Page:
So, you’re going on a road trip, and you’re excited. Maybe it is even a long one. But, if you have already gone through your checklist of things you need for your trip, you are almost ready. So, let’s talk about how often you need to take breaks on that trip.
Besides knowing when to stop and rest, you also need to know the most common car problems people experience on road trips to ensure your planning is complete. Let’s dive in.
As long as everything is working fine mechanically, your car does not necessarily need to rest on a road trip. However, you do. We recommend that you stop for 15 minutes every 2-3 hours driving. This is because driving for extended periods without rest can be pretty risky. Also, you are advised not to go for more than 7-8 hours each day.
You could run out of fuel, fall asleep on the wheel, or even have delayed reaction times. To avoid this, take short breaks periodically. It might look like a waste of time, but it would only add an hour at most to your trip each day, and it makes all the difference. Plus, if you plan for stops ahead of your journey, they will fit perfectly in your plans without causing any problems.
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Do cars need rest during long trips?
Under normal circumstances, cars do not need to rest during long road trips. But as stated earlier in the article, humans do. So, if your vehicle has not run out of fuel and is not overheating, you can continue driving. But be sure to check your dashboard regularly to monitor the temperature.
As stated in the previous section, you are advised to stick to 7-8 hours daily driving. This means that you should cover around 500 miles in a day, depending on traffic conditions and your speed limit. If you must go over 8 hours in a day, it should not be more than 10 hours. If your trip takes longer than that, you need to stop and rest.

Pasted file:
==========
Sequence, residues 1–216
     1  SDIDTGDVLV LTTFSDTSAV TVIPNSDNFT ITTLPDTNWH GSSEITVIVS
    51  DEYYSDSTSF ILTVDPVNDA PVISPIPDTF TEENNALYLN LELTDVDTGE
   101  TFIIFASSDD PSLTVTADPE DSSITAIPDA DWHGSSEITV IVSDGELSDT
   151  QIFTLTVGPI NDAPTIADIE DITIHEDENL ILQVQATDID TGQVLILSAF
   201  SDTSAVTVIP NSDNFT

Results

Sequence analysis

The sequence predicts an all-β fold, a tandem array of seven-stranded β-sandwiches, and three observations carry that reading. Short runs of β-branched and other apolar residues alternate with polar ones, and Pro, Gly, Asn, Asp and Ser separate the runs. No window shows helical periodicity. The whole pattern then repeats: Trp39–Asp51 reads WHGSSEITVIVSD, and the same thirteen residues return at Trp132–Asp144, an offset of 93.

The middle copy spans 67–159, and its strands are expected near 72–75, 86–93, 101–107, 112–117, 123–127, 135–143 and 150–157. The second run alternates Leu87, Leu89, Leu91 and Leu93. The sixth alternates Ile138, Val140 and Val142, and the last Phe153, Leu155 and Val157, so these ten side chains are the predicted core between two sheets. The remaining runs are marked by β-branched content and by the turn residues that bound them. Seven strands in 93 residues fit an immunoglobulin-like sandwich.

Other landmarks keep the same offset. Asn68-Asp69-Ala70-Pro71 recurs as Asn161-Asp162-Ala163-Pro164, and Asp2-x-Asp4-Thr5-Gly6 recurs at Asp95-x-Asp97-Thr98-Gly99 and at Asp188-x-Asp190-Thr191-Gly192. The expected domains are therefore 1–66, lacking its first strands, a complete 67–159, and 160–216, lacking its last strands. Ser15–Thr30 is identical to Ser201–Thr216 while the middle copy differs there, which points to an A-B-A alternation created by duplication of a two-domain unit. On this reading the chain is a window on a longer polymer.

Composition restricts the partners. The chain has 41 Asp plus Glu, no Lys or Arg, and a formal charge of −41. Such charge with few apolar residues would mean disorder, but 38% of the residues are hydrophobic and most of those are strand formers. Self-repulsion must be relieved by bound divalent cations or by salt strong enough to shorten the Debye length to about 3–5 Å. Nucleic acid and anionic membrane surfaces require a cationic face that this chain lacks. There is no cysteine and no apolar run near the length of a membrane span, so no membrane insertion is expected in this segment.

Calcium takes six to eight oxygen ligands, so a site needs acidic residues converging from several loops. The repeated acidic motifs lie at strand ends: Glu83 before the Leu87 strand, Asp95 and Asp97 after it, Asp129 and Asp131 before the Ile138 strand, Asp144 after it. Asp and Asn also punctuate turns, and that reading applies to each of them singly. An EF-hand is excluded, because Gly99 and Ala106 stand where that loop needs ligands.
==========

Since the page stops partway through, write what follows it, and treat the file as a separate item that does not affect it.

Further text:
Let’s look at some of the most common car problems you can encounter on road trips and how to prevent them.
The most common problem people are likely to experience is engine overheating. To ensure this doesn’t happen on your trip, make sure your radiator is filled adequately and that it keeps your engine at the right temperature.
Getting a flat tire
It is also super common to get a flat tire on a trip and in very inconvenient places too! To plan against this, keep a spare tire handy. Also, you need to have the tools and the expertise required to change your tire if you get a flat.
You run out of gas
Don’t forget to fill your tank up and keep extra bottles of fuel in the trunk if you run out and there is no gas station nearby. Then, when your low fuel indicator light comes on, find a nearby station. And if you can’t find one, you could use the fuel you stocked up on.
Car batteries are often neglected before road trips, which makes them one of the most common parts of your car to give you problems on a road trip. Your car battery could quit unexpectedly on the trip, and it might be super tricky to get it back on afterward. So have your battery checked before your journey to ensure it is adequately charged and working well.
This is quite inconvenient even when trying to get to the grocery store or run an errand. So imagine how much more stressful it would be when you’re miles away with no help close by. To avoid getting stranded with a transmission problem, check your dashboard, listen for noises, and check for leaks. You can also drive down to your local mechanic and do a transmission check. If any problems come up, don’t ignore them.
This problem is quite common on road trips and can also be fatal. Brake failure has resulted in many devastating accidents. However, a quick check can prevent this. As part of your preparations for the road trip, have a mechanic examine your brake pads, fluid, rotors, and drums. If you find something wrong, make sure to get it fixed before your trip, as it could be quite fatal if you run into brake trouble on the way.
You can drive most cars for about 7-8 hours at a stretch before you need to refuel them. However, suppose your vehicle is not low on fuel and does not have any other underlying mechanical faults. In that case, you’re free to keep driving. Most times, people take breaks while driving because they need to rest. Not because of their cars.
We don’t know the time limit as to when a car will stop after you drive it for that long. There is no evidence even to support that such a limit exists. Cars are designed to last for continuous driving, so you can probably keep driving them as long as they are fueled and fixed.
Suppose your car is in good condition and doesn’t have any mechanical problems. In that case, its mileage will not affect its ability to take you on a road trip. It all depends on how well you have been taking care of your car. Suppose you have kept up with properly maintaining your vehicle. In that case, all you need to do before your trip is to check the oil levels, coolant, and transmission and have a spare tire in case of an emergency, and you’re good to go!
Thanks to Tom Cooper from Holiday Parrots for improvements to this post.